Apart from eating the fruit, I used to have a lot of fun climbing these trees. They were fairly easy to climb, as the lowest branches were usually within reach, and the limps were usually arranged within easy reach as you were climbing. The major problem with them as I recall was that the branches would sometimes be rotten, and a limb which looked as though it would easily take your weight would snap like a twig. If you weren't careful, you could be most unceremoniously deposited back upon Mother Earth. I quickly learned to test my weight on the branches, however, and so that problem didn't hold me up much.

I remember that they had a particularly tall breadfruit tree in the neighbour's yard. When you ascended to the top of that tree, you could look into most areas of the garden behind. Another kid lived there, a kid who I either used to play with or try to fight with, depending on what the state of the relations between us were at that particular point in time. We would spy upon the enemy (the kid) from on high, the better to know his movements. When at war, it is good to know the whereabouts and what your enemy was up to, after all. You don't have to read Sun Tsu's "The Art of War" for you to know that . You could see a lot of the happenings in my garden as well, and also the road in front of the neighbour's house. It was a particularly comfortable lookout point, way up there at the top of the tree, swinging gently in the soft breezes. We spent lots of time up there. It was great fun.

It is in that Breadfruit tree that I first kissed a girl, young Miranda Williams. She was the daughter of a couple of expatriates from England, a little girl with long blonde hair and blue eyes. One day we were high up in the tree and I leaned over and kissed her full on the lips, perhaps inspired by the rhyme we used to say as kids whenever we came across young couples kissing, to tease them:

"<insert boy's name here> and <insert girl's name here>, sitting in a tree,
First comes love, then comes marriage,
then comes <insert girl's name here> pushing a baby carriage".

She left the island with her parents shortly after that, (I don't know, maybe they saw us up in the Breadfruit tree and thought that the only way to protect their daughter was to get her away from me as quickly as possible, because I'm sure they knew the rhyme as well, and they knew how it ended, too), and so my trysting in the treetops came to a swift end.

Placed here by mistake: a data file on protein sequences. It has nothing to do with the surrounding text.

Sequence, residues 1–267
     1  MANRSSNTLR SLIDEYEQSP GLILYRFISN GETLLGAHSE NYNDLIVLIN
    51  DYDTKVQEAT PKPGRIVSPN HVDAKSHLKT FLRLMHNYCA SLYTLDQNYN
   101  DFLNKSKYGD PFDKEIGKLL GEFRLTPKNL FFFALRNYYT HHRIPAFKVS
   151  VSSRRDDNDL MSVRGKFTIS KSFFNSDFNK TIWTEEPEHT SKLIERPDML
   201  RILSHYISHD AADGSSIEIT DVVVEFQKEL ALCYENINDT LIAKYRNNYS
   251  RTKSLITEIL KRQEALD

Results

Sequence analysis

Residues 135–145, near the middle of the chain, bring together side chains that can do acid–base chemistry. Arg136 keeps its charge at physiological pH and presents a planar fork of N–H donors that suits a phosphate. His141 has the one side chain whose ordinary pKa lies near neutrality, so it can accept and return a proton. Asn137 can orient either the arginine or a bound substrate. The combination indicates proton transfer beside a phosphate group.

Some time after that, a boy came to live with the lady who lived two houses up the road. He went to Ardenne High, one of the few places in Jamaica where they played basketball at that time. As a result, he was into basketball. We set up a hoop in my backyard by nailing a small bucket to the trunk of the breadfruit tree, then shooting a basketball through it. He got a lot more practice than I did, so he'd always kick my ass. C'est la vie. (As a matter of fact, Patrick Ewing of the New York Knicks went to Ardenne High. Thats where he learned the game.)

But yeah, breadfruit trees are all good. They certainly were better for a lot of reasons (i.e climbing, having fun in) than a lot of others, for instance the Avocado pear tree, or the lime trees which were also in the garden of the house I grew up in. Probably the only tree which could compare with it in my childhood experience was the O'Tahiti Apple tree which also was to be found in my garden. I spent lots of time up in that tree as well, and I could tell you about that too, but I guess that that is a tale for another time.